Sex & Life
Sex & Life February 12, 2018
Every February 1st, an unwelcome virus sweeps through every grocery store, post office, and Costco around the country: the Valentine’s Day Blues.
Aisles become a nightmare of fuchsia pink hearts and $60 stuffed unicorns that hover over you in the freezer aisle (I’m looking at you, Ralph’s). Maybe it wouldn’t be so unpleasant if it weren’t so aggressive. A flower display here and there is understandable…but maybe not a complete rearranging of the store so it’s impossible to navigate.
But despite all the ridiculous hullabaloo that is Valentine’s Day, you may have this stupid weight in the pit of your stomach. Its origins are undeniably dumb, yet you are still unsettled.
Why does every store strive to make you feel *ridiculously* incorrect as a person for not having a significant other every February 14th?
First of all, Valentine’s Day is governed by one marketing model and one marketing model only: scaring boyfriends sh*tless. Stores ask horrible, awful open-ended questions like the following:
But how *much* do you love your girlfriend?
Is she *worth* more than just a simple bouquet of flowers?
Do you even *love* her if you *don’t* get her chocolate?
Yeah. It’s awful.
Not only are they monetizing the complex notion of love, but they are praying on guilt like nuns at a Catholic school (no offense to nuns though…those sisters are some of the toughest women on the planet).
So if you’re feeling the Valentine’s Day blues, here are some things to remember:
Stores basically market for Valentine’s Day a month before the actual event. If you had a person screaming “WANT SOME CHOCOLATE TOO BAD HAHA YOU SINGLE IMBECILE” for thirty days straight, even the most confident woman on the planet would start to feel uncomfortable.
Whether or not you’re combating the Valentine’s Day blues, a chocolate purchase should always be a celebration. Always.
Think about it this way: the chocolate section has literally jumped forward seven aisles and shoved itself in your face. Not only that, but its quantity has increased tenfold along the register. It’s easy to avoid the temptation when chocolate is in its usual corner of shame. But when it’s out in the open, it’s asking to be purchased. You are a victim of holiday marketing.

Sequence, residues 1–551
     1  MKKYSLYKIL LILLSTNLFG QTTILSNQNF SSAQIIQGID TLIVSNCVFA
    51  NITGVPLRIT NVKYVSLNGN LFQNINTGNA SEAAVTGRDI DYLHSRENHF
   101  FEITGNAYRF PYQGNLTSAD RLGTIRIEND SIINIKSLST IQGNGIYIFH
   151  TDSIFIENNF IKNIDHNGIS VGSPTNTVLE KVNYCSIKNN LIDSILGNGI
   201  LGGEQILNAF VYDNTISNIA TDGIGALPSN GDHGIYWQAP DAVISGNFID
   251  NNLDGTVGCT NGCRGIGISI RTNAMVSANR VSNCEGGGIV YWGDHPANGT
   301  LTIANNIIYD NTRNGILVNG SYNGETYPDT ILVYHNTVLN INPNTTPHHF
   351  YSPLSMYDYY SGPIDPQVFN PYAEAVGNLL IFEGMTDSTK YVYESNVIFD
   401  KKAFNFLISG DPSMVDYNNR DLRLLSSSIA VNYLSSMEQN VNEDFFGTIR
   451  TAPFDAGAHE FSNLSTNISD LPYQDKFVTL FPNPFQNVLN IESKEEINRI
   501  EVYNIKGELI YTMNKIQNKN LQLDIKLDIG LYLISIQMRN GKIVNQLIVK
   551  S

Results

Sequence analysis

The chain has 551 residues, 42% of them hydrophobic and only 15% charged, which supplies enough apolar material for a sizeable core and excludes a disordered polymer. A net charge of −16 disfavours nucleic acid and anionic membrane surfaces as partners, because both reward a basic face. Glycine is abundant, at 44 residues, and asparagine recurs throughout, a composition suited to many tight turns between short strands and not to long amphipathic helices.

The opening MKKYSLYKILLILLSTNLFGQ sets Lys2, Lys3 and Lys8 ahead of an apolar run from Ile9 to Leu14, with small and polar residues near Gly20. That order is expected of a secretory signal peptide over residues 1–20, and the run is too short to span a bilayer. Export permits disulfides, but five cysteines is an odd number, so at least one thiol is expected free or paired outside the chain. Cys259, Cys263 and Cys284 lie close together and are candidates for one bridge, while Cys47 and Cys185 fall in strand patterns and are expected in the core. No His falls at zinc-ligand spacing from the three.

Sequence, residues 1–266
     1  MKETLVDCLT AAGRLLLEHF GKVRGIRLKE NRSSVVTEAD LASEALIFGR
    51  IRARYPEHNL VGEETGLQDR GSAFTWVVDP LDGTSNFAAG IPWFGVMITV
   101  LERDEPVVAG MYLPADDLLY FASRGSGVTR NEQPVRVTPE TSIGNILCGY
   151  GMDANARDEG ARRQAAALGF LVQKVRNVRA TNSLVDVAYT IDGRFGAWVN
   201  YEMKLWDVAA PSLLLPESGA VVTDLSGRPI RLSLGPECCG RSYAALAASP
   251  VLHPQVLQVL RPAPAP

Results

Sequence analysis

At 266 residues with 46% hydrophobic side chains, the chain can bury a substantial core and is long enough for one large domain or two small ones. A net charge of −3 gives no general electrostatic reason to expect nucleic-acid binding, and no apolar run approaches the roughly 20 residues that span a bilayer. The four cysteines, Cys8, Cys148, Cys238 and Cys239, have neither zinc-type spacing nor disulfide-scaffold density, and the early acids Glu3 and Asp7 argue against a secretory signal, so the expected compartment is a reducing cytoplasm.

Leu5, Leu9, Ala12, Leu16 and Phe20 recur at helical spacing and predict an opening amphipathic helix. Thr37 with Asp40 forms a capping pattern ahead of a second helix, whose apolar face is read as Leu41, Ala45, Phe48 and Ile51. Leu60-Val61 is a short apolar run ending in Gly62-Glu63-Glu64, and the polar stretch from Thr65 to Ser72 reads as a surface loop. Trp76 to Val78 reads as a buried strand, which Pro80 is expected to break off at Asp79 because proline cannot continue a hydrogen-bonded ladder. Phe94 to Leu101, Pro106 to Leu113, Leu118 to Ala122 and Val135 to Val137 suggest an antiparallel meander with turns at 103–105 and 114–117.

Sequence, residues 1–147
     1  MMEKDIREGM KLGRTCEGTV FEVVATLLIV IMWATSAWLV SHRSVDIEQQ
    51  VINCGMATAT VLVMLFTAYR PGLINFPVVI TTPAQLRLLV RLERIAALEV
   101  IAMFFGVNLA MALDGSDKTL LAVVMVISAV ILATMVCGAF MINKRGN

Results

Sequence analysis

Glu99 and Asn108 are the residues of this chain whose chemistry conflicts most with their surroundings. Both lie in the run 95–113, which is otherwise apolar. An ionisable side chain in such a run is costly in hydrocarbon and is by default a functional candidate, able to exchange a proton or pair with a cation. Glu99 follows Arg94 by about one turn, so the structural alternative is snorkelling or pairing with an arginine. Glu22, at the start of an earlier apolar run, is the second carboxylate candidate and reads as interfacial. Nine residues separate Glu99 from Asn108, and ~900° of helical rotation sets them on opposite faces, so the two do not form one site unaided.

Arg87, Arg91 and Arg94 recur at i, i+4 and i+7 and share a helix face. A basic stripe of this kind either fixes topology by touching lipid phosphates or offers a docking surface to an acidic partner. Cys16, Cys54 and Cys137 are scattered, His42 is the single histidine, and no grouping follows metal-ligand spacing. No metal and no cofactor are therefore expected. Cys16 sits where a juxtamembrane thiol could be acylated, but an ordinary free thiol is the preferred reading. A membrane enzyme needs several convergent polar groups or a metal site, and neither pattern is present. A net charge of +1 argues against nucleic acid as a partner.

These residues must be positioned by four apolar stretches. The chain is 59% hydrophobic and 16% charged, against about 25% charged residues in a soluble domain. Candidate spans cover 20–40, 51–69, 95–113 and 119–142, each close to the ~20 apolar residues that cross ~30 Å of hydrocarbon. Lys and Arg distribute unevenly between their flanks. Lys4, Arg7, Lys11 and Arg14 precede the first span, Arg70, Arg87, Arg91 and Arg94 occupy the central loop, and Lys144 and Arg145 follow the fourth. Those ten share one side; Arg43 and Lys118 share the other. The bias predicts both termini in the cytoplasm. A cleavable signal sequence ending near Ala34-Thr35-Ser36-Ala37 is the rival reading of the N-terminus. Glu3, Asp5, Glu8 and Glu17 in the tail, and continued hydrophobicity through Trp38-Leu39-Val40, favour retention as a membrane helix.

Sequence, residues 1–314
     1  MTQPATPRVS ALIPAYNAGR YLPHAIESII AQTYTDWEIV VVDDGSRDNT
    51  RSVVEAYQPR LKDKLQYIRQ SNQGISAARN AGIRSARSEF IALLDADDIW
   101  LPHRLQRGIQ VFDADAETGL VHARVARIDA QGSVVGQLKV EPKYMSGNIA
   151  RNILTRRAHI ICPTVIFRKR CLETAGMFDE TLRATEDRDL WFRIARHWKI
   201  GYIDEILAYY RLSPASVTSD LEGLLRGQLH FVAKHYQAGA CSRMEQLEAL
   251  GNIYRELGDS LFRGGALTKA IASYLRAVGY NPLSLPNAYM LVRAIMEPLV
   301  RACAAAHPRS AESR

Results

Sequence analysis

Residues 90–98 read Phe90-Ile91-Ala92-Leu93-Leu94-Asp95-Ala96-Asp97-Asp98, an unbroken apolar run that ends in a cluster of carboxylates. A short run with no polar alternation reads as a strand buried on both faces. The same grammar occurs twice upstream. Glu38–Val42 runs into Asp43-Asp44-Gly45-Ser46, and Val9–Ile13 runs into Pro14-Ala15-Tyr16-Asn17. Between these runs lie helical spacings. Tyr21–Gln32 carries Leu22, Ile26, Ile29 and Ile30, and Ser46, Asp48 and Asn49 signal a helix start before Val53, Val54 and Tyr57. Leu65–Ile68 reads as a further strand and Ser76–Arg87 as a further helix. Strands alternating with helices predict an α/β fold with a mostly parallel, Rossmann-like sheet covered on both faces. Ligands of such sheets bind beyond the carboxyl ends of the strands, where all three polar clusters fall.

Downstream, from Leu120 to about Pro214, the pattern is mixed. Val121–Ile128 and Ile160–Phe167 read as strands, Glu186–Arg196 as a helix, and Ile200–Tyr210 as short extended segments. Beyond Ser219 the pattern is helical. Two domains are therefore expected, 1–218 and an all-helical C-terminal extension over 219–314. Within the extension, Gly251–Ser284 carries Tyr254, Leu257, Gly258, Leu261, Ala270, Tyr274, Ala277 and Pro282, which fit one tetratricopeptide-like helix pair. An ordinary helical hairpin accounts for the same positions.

Not to mention that anything filled with caramel is objectively the best candy known to womankind.
Think about it — no guy in his right mind would ask a girl out on Valentines Day. First dates are already stressful enough, so if a guy is currently crushing on you, he won’t pick the single day out of the year that has THE LARGEST romantic expectations of all. He wants expectations to be ground zero, so February 14th would be the least likely day he would make his first move.
If you watch a movie alone on February 14th, you know how pathetic that is? Watching a movie alone on February 15th. Or 20th. Or August 3rd. There is no difference between these nights. Your introvert plans should not be deterred by the random guilt you may feel forced to feel.
By the same notion, Galentine’s Days are amazing and possibly one of the most enjoyable events to shared among women. Not only that, but it is the perfect distraction if you happen to be afflicted by the Valentine’s Day blues. Having been to my fair share, I would say they are equally enjoyable as a Valentine’s Day spent with a loved one.
Are you bummed? Be bummed! Don’t feel forced to pretend everything’s okay if it really does bother you. We’re human, and we want to be loved. It’s totally normal. And the sooner you absorb and accept your feelings about the Valentine’s Day blues, the sooner you can move on with your life. Feelings demand to be felt. Feel them, and then, only then, can you move on.
We hope this provided you with some relief from the Valentine’s Day blues. And remember, the February 15th chocolate sales are real, so get your oversized reusable shopping bags ready.
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